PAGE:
Trump wants US 'opened up' by Easter, despite experts' concerns

US President Donald Trump is optimistic that people could be back at work within three weeks. Others think that's a bad idea.

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Eric Mack
3 min read

President Donald Trump participated in a Fox News virtual town hall on March 24.

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Less than two weeks after the World Health Organization declared the coronavirus outbreak a pandemic, US President Donald Trump says he hopes to restart the nation's economy by April 12. Countless schools and businesses have temporarily closed in several states and tens of millions of Americans have been asked to stay home in an attempt to slow the spread of the coronavirus

During a virtual town hall meeting on Fox News on Tuesday, Trump said he wants to see the country "opened up and just raring to go by Easter," which is just less than three weeks away. "We have to get back to work," Trump said.

Trump said he's worried that the current approach to stopping the spread of the pandemic could case the US to "lose more people by putting a country into a massive recession or depression."

The president's timeline comes as WHO officials reportedly said they're seeing a "very large acceleration in cases in the US," giving the Unites States the potential to become the new epicenter of the pandemic. On Tuesday, New York Gov. Andrew Cuomo said the rate of infections in his state is doubling about every three days. 

 "We're not slowing it, and it is accelerating on its own," Cuomo said. 

As of Tuesday, the US Centers for Disease Control and Prevention had reported more than 44,000 confirmed coronavirus cases in the US. Though Trump appears optimistic that businesses can reopen in the US soon, some experts have expressed concern.

"I think it is an exceptionally bad idea," said Tara C. Smith, a professor of epidemiology at Kent State University. "We have not even been doing social distancing long enough to start seeing the results." Smith worries that we may start to see a decrease in cases a few weeks from now and that "'opening back up' by Easter might ... bring people back together over the holiday and restart those chains of transmission ... bringing us back to where we are today."

Smith said she agrees with the earlier suggestion of White House Coronavirus Task Force member Dr. Anthony Fauci that eight weeks is more appropriate.

Thomas Birkland, a professor of public policy at North Carolina State University, also expressed concern. "We don't appear to be likely to have the ability to test, isolate and treat a sufficient number of people by April 12 -- Easter Sunday -- to ensure that 'opening up' wouldn't just lead to more community spread of the virus," he said.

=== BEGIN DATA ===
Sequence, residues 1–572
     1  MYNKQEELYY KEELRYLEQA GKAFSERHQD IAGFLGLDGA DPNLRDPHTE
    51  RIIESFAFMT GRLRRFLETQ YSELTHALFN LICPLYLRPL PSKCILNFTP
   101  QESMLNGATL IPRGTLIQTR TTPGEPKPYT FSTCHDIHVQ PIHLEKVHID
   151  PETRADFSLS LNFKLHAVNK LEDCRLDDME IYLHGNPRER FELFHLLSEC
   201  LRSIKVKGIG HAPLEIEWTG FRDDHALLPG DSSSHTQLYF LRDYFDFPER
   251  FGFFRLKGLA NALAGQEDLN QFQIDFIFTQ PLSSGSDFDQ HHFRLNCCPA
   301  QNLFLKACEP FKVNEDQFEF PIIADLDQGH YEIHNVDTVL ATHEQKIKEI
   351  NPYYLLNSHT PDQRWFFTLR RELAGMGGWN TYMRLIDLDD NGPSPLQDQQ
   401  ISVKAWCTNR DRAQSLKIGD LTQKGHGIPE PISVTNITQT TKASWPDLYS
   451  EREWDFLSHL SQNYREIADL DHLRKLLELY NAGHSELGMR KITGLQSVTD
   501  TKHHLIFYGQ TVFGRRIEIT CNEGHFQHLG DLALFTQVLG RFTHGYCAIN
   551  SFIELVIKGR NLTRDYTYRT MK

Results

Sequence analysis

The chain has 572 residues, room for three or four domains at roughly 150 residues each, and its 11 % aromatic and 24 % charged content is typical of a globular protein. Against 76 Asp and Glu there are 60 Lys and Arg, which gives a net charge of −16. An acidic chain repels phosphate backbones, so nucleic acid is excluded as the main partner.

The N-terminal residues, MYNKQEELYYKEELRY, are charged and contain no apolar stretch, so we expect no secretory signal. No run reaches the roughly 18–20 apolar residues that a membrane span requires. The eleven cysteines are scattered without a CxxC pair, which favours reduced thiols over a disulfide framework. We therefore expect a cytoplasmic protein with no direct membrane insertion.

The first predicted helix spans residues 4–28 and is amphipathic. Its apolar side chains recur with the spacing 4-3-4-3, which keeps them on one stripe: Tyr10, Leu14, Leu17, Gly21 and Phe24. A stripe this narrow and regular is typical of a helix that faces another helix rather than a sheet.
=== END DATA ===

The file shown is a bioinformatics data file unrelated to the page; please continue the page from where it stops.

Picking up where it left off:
Economist Michael Walden, a colleague of Birkland's at North Carolina State, added that the next two to three weeks will be "crucial for understanding the virus and plotting its course."

"The optimistic view is that hopefully in three weeks, new cases would be on the decline and 'hotspots' in the nation could be identified and effectively isolated," Walden said. He explained that under this scenario, much of the country could go back to work, boosting production and employment. Walden said that the pessimistic scenario, on the other hand, is that people return to work before the virus is contained, leading to more infections and deaths.

On Monday, Texas Lt. Gov. Dan Patrick suggested on Fox News' Tucker Carlson Tonight that he and other senior citizens might be willing to make the ultimate sacrifice for life to return to normal.

"I'm not living in fear of COVID-19. What I'm living in fear of is what's happening to this country," said Patrick. "No one reached out to me and said, 'As a senior citizen, are you willing to take a chance on your survival, in exchange for keeping the America that all America loves for your children and grandchildren?' And if that's the exchange, I'm all in."

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During a Facebook Live session shortly before Trump's comment on Fox News, Chris Anderson of TED asked Microsoft founder and philanthropist Bill Gates about the notion of starting everything back up in a few weeks.

"There really is no middle ground," Gates said. "It's very tough to say to people, keep going to restaurants, go buy new houses, ignore that pile of bodies in the corner."

The White House didn't immediately respond to a request for comment.

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